. . . American Christians who are engaged in the life of this country likely desire an evangelical candidate who not only loves the Lord but who also governs wisely and justly.But living in a fallen world—and an increasingly diverse and secular nation—means that believers will not always find a candidate who shares their worldview. If nature is red in tooth and claw, politics are red in tariff and clause.

Engagement in the nation’s public life often means dealing with less-than-ideal choices, circumstances, and candidates. Christians bemoan this reality, but it is part of life in a fallen world. Pursuing our good and the good of our neighbor—publicly practicing Christ’s command in Mark 12:31—means that we must often make difficult choices and go with the best possible candidate given a biblical worldview.

On the other hand, evangelicals might support religious candidates from a range of traditions with whom they have major doctrinal disagreements. When this is the case, believersshould recommit themselves to the City of Man even as they find their essential identity and their undying hope in the City of God.We want a virtuous head for our country, but we do not want an Orwellian “Dear Leader,” a political figure to whom we attach spiritual significance and from whom we expect messianic deliverance.The only one who deserves such adoration is not physically here yet—but when he comes, term limits won’t apply.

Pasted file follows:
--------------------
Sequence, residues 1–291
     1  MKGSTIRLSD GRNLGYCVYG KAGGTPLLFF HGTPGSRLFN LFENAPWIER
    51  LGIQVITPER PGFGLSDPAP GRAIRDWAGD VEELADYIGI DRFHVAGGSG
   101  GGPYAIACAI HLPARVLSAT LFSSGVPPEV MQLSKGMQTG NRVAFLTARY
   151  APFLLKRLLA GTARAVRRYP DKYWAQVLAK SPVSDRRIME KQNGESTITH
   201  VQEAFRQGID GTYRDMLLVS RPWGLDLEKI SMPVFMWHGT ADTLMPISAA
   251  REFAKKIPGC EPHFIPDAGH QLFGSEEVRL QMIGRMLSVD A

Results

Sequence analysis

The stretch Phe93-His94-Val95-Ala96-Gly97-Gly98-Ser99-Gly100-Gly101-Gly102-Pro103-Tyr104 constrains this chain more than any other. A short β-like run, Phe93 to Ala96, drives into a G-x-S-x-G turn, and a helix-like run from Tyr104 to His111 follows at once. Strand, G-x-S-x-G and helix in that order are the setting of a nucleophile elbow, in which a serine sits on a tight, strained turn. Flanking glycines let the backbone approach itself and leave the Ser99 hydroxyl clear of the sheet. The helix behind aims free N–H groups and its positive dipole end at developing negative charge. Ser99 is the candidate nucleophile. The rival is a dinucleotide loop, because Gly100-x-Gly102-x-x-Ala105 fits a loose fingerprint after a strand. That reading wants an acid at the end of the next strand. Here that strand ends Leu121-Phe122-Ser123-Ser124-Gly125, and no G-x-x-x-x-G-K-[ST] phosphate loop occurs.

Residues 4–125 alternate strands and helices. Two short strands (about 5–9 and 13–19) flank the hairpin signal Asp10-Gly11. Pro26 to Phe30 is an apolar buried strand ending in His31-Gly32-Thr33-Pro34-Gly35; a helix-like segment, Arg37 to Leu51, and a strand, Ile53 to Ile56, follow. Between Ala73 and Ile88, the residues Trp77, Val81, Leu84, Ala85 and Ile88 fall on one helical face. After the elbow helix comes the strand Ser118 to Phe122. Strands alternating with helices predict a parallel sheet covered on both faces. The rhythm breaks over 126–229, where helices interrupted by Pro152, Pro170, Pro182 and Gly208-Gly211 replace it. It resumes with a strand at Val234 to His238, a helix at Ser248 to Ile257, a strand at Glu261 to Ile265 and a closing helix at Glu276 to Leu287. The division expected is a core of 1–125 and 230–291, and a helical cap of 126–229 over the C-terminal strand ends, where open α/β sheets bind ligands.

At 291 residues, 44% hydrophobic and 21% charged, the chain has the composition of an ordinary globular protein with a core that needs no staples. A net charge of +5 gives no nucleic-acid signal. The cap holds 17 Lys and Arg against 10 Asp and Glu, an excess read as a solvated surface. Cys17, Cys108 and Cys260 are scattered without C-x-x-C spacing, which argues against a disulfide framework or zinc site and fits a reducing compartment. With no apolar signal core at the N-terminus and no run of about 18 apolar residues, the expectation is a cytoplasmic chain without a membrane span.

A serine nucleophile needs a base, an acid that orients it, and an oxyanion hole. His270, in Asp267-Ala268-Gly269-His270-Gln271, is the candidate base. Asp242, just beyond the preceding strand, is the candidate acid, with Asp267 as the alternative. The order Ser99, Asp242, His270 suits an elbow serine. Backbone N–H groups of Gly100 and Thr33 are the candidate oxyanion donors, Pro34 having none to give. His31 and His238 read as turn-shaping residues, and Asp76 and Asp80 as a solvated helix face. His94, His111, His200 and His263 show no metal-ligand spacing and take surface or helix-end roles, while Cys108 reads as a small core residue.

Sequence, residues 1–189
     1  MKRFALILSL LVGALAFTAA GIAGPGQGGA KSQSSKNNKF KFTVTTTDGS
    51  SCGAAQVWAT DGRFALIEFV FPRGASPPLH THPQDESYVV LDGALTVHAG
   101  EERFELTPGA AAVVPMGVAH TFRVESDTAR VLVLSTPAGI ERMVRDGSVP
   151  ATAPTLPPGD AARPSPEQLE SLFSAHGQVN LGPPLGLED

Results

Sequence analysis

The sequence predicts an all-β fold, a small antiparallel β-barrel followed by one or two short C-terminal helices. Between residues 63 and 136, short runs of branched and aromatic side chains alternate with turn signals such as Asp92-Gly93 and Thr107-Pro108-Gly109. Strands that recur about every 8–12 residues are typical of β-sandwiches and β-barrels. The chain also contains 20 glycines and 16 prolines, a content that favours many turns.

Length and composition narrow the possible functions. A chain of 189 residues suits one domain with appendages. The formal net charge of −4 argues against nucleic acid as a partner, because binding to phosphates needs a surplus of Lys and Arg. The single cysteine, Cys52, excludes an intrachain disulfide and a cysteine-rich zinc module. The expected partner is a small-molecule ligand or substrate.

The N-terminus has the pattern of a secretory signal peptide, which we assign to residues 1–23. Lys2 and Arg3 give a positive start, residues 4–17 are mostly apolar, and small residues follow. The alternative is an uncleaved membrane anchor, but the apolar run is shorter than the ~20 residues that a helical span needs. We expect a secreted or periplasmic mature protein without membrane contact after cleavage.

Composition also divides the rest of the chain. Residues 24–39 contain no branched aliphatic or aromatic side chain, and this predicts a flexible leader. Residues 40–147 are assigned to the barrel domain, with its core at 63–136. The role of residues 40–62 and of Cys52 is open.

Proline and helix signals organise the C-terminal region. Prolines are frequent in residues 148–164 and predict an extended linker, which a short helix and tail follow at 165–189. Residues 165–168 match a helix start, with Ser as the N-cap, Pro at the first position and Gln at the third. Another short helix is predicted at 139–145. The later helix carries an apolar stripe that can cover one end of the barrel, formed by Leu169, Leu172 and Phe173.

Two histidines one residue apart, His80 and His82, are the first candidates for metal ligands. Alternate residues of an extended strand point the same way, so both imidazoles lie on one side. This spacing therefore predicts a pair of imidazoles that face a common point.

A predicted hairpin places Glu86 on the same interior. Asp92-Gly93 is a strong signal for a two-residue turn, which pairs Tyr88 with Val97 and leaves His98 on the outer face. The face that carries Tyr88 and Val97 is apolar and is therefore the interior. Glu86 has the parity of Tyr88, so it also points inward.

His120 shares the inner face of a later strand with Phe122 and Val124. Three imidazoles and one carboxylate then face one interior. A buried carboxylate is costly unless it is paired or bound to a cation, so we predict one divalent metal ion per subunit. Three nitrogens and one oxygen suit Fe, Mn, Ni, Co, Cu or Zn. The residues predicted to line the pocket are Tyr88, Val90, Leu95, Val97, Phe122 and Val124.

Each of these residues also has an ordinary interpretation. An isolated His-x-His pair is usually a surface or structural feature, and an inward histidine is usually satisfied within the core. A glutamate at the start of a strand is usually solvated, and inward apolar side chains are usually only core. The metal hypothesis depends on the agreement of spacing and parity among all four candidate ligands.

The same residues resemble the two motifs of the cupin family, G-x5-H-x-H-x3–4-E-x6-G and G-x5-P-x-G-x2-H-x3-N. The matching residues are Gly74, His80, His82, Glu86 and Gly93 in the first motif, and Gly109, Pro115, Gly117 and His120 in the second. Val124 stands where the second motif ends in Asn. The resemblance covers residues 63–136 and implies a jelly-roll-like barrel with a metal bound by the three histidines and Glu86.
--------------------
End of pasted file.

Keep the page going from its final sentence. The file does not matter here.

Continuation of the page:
What of the upcoming election, which features a Mormon candidate for the presidency? . . .

Read the whole thing here.

Ross Douthat against demonstrated why he is one of our day’s most insightful commentators. In his column for the New York Times Sunday paper he argued that there is a difference between freedom of belief and the free exercise of religion. He begins:

THE words “freedom of belief” do not appear in the First Amendment. Nor do the words “freedom of worship.” Instead, the Bill of Rights guarantees Americans something that its authors called “the free exercise” of religion.

It’s a significant choice of words, because it suggests a recognition that religious faith cannot be reduced to a purely private or individual affair. Most religious communities conceive of themselves as peoples or families, and the requirements of most faiths extend well beyond attendance at a sabbath service — encompassing charity and activism, education and missionary efforts, and other “exercises” that any guarantee of religious freedom must protect.

I cannot improve upon the way the first lady of the United States explained this issue, speaking recently to a conference of the African Methodist Episcopal Church. “Our faith journey isn’t just about showing up on Sunday,” Michelle Obama said. “It’s about what we do Monday through Saturday as well … Jesus didn’t limit his ministry to the four walls of the church. He was out there fighting injustice and speaking truth to power every single day.”

But Mrs. Obama’s words notwithstanding, there seems to be a great deal of confusion about this point in the Western leadership class today.

Read the whole thing here.